I read a fascinating story in the Torts Law Blog wherein Wal-Mart, based on their own training videos, knew or should have known of the potential danger of explosion in a particular gas can sold by them. Ultimately, that gas can exploded when a 12 year old boy "poured gasoline from the container onto a pile of wet wood he had been trying to light, and the can exploded."
From my perspective as a personal injury attorney who has handled many cases where injuries occur as a result of a faulty product (see, for example, The Case of the Exploding Wine Bottle), it is my opinion that manufacturers, as well as others in the chain of commerce (i.e., distributors, retailers), do not always fully explore the dangers of the products that they are hawking or, worse yet, do not fully disclose or warn of the dangers — and all of this is to the injurious detriment of the unsuspecting consumer.
Please read the story below.
Wal-Mart Video Archive Helpful in Products Suit
Consumerist has a post (based on a WSJ piece) about the second life of thirty years of videos made for Wal-Mart. The company that did the work evidently retained the rights (oops on Wal-Mart) and Wal-Mart declined to pay as much as the company asked. Now the company is selling access and it’s helped at least one plaintiffs’ lawyer:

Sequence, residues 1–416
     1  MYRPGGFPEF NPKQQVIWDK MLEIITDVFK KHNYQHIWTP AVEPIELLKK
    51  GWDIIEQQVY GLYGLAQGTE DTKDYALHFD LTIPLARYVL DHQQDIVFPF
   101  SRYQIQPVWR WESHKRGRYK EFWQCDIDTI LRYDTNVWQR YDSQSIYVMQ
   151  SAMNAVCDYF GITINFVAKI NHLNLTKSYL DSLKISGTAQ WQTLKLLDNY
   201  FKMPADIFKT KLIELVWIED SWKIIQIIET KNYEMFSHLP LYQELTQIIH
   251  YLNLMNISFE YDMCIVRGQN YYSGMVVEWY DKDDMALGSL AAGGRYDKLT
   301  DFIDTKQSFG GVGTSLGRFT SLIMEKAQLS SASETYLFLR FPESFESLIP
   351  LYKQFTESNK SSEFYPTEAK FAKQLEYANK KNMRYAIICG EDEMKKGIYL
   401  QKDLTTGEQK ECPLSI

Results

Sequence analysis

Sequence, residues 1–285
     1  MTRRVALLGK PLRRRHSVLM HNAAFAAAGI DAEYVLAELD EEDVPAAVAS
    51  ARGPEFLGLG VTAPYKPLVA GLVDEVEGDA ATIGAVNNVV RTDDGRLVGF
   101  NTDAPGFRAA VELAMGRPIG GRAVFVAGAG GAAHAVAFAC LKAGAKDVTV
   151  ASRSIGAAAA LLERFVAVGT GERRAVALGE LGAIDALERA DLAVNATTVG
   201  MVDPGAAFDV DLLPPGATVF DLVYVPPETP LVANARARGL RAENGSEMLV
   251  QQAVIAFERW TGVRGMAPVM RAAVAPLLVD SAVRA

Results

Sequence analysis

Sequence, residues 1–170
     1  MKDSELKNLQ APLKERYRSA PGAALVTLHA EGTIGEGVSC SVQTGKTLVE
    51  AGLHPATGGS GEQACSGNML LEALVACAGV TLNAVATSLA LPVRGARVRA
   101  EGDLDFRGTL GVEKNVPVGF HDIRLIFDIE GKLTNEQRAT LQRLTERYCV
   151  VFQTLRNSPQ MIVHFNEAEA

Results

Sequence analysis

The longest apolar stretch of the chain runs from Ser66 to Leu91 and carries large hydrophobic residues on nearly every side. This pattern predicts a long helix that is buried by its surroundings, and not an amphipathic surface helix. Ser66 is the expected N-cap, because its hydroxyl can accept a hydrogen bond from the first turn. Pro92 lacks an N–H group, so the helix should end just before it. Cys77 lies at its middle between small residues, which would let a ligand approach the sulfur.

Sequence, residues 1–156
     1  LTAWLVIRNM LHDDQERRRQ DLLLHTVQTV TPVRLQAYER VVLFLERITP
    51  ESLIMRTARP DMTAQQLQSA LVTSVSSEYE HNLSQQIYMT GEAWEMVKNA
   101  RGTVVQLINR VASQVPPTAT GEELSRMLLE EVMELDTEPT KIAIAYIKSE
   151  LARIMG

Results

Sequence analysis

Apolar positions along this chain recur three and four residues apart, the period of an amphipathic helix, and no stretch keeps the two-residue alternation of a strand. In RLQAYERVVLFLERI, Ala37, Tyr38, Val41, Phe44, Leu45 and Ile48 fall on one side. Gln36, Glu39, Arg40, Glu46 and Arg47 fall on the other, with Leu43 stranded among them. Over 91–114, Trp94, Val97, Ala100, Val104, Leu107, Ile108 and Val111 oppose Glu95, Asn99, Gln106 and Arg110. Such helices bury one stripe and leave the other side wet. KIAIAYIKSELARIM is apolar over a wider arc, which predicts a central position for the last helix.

Plaintiffs attorney Diane M. Breneman stumbled across the videos while working on a lawsuit she filed in 2005, on behalf of a 12-year-old boy, against Wal-Mart and the manufacturer of a plastic gasoline can sold in its stores. Her client was injured when he poured gasoline from the container onto a pile of wet wood he had been trying to light, and the can exploded. The lawsuit alleges that the containers are unsafe because they don’t contain a device that prevents flames from jumping up the spout and exploding.
Wal-Mart’s lawyers have argued in court filings that the retailer couldn’t have known that the product "presented any reasonable foreseeable risk…in the normal and expected use."
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Ms. Breneman says Flagler Productions located videos of product presentations to Wal-Mart managers in which executives gave parody testimonials about the same brand of gasoline can. In an apparent coincidence, one manager joked about setting fire to wet wood: "I torched it. Boom! Fired right up." In a separate skit, an employee is seen driving a riding lawn mower into a display of empty gasoline cans. A Wal-Mart executive vice president observing the collision jokes: "A great gas can. It didn’t explode." The tapes were made before the lawsuit was filed.
Ms. Breneman argues the footage provides evidence that the retailer could have foreseen the risk that customers would use the gas cans when starting fires. She says she plans to ask the Kansas City, Mo., federal court handling the case to allow the footage to be used as evidence. Wal-Mart’s lawyer on the case didn’t return calls seeking comment.
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